Which sequential input problems are best suited for each? Does input dimensionality determine which is a better match? Are problems which require "longer memory" better suited for an LSTM RNN, while problems with cyclical input patterns (stock market, weather) more easily solved by an HMM?

It seems like there is a lot of overlap; Im curious what subtle differences exist between the two.


3 Answers 3



Hidden Markov Models (HMMs) are much simpler than Recurrent Neural Networks (RNNs), and rely on strong assumptions which may not always be true. If the assumptions are true then you may see better performance from an HMM since it is less finicky to get working.

An RNN may perform better if you have a very large dataset, since the extra complexity can take better advantage of the information in your data. This can be true even if the HMMs assumptions are true in your case.

Finally, don't be restricted to only these two models for your sequence task, sometimes simpler regressions (e.g. ARIMA) can win out, and sometimes other complicated approaches such as Convolutional Neural Networks might be the best. (Yes, CNNs can be applied to some kinds of sequence data just like RNNs.)

As always, the best way to know which model is best is to make the models and measure performance on a held out test set.

Strong Assumptions of HMMs

State transitions only depend on the current state, not on anything in the past.

This assumption does not hold in a lot of the areas I am familiar with. For example, pretend you are trying to predict for every minute of the day whether a person was awake or asleep from movement data. The chance of someone transitioning from asleep to awake increases the longer the person has been in the asleep state. An RNN could theoretically learn this relationship and exploit it for higher predictive accuracy.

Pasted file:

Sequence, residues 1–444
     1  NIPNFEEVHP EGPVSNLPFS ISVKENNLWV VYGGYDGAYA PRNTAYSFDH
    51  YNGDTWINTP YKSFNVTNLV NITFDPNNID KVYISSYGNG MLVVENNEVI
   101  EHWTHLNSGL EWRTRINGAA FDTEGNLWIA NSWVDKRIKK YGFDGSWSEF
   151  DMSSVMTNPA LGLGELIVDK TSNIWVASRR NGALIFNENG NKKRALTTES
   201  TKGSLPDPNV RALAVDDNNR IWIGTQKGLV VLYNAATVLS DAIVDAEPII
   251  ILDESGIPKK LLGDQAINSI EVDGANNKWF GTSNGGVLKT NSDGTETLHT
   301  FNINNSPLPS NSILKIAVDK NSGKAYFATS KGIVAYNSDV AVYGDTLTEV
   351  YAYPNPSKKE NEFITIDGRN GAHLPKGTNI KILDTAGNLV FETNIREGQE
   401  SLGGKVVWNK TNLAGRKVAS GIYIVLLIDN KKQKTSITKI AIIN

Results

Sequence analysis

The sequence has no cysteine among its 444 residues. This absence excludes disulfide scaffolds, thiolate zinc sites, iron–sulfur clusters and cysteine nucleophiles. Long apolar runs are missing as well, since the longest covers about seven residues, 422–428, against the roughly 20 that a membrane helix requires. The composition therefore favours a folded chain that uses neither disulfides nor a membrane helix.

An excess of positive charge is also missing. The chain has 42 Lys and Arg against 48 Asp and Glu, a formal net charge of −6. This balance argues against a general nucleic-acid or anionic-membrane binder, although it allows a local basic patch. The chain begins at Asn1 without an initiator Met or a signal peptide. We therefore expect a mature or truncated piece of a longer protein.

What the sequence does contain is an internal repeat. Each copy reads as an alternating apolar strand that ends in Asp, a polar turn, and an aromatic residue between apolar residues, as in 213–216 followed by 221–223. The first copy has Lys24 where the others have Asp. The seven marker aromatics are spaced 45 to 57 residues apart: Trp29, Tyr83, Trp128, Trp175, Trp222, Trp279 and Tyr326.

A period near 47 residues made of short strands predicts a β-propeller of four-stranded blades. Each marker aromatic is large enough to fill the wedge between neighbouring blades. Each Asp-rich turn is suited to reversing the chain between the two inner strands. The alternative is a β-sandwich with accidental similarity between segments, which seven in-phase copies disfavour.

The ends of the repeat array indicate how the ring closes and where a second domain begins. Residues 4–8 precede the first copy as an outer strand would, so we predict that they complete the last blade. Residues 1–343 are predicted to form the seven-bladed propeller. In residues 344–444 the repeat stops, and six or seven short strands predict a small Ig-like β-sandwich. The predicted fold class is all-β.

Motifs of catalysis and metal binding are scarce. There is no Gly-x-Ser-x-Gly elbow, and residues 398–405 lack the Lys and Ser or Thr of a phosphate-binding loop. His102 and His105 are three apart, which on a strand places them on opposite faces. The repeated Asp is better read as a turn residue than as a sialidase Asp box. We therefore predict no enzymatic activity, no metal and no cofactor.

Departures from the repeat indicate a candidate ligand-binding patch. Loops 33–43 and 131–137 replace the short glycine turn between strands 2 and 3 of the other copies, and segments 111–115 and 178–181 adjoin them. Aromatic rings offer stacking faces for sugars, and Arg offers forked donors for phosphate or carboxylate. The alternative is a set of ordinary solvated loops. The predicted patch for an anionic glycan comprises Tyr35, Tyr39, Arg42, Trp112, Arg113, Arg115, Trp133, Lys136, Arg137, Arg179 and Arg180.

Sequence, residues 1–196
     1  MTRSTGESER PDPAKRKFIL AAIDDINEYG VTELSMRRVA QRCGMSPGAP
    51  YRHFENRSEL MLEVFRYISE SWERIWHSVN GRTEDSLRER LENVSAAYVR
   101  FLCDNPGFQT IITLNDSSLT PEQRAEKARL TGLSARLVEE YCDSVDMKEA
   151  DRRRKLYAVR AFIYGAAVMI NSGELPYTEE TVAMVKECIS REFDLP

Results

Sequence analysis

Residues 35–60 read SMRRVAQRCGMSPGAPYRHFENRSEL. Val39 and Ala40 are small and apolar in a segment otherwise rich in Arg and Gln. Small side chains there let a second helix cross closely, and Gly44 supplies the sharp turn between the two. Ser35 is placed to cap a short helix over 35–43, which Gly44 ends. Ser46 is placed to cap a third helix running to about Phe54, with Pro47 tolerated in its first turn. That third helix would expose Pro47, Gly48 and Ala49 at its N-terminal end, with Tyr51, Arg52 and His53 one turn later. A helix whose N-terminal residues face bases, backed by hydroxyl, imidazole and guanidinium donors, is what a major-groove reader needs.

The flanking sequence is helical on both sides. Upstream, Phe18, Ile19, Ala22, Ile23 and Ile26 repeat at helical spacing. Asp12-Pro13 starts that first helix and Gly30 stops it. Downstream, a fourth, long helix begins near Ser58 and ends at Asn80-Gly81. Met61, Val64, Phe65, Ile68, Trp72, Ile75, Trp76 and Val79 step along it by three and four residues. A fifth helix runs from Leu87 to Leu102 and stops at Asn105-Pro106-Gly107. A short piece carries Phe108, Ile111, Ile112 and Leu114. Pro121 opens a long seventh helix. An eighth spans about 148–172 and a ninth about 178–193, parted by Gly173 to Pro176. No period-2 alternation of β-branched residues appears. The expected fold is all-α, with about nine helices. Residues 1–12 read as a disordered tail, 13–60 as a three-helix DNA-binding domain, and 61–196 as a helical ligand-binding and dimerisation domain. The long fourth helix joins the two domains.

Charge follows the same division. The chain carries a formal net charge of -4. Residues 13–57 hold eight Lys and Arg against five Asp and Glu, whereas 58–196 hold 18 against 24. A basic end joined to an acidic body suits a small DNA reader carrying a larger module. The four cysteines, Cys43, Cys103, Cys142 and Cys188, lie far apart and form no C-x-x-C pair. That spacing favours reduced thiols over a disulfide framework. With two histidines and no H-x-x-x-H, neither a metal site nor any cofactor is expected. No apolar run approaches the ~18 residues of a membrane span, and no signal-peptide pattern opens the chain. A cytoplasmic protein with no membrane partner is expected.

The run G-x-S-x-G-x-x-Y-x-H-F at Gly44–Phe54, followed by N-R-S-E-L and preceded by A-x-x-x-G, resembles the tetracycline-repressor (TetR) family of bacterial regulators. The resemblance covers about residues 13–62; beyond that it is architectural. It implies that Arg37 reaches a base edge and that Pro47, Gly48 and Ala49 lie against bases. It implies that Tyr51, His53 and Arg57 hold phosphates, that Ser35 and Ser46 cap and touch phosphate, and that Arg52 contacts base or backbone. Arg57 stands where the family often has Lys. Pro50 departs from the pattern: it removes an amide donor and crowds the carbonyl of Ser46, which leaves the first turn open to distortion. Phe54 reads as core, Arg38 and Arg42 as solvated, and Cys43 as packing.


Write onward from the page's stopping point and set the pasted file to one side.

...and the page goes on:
You can try to get around this, for example by including the previous state as a feature, or defining composite states, but the added complexity does not always increase an HMM's predictive accuracy, and it definitely doesn't help computation times.

You must pre-define the total number of states.

Returning to the sleep example, it may appear as if there are only two states we care about. However, even if we only care about predicting awake vs. asleep, our model may benefit from figuring out extra states such as driving, showering, etc. (e.g. showering usually comes right before sleeping). Again, an RNN could theoretically learn such a relationship if showed enough examples of it.

Difficulties with RNNs

It may seem from the above that RNNs are always superior. I should note, though, that RNNs can be difficult to get working, especially when your dataset is small or your sequences very long. I've personally had troubles getting RNNs to train on some of my data, and I have a suspicion that most published RNN methods/guidelines are tuned to text data. When trying to use RNNs on non-text data I have had to perform a wider hyperparameter search than I care to in order to get good results on my particular datasets.

In some cases, I've found the best model for sequential data is actually a UNet style (https://arxiv.org/pdf/1505.04597.pdf) Convolutional Neural Network model since it is easier and faster to train, and is able to take the full context of the signal into account.


Let's first see the differences between the HMM and RNN.

From this paper: A tutorial on hidden Markov models and selected applications in speech recognition we can learn that HMM should be characterized by the following three fundamental problems:

Problem 1 (Likelihood): Given an HMM λ = (A,B) and an observation sequence O, determine the likelihood P(O|λ).
Problem 2 (Decoding): Given an observation sequence O and an HMM λ = (A,B), discover the best hidden state sequence Q.
Problem 3 (Learning): Given an observation sequence O and the set of states in the HMM, learn the HMM parameters A and B.

We can compare the HMM with the RNN from that three perspectives.


sum over all hidden sequences Likelihood in HMM(Picture A.5)
just get the probability from the softmax functions
Language model in RNN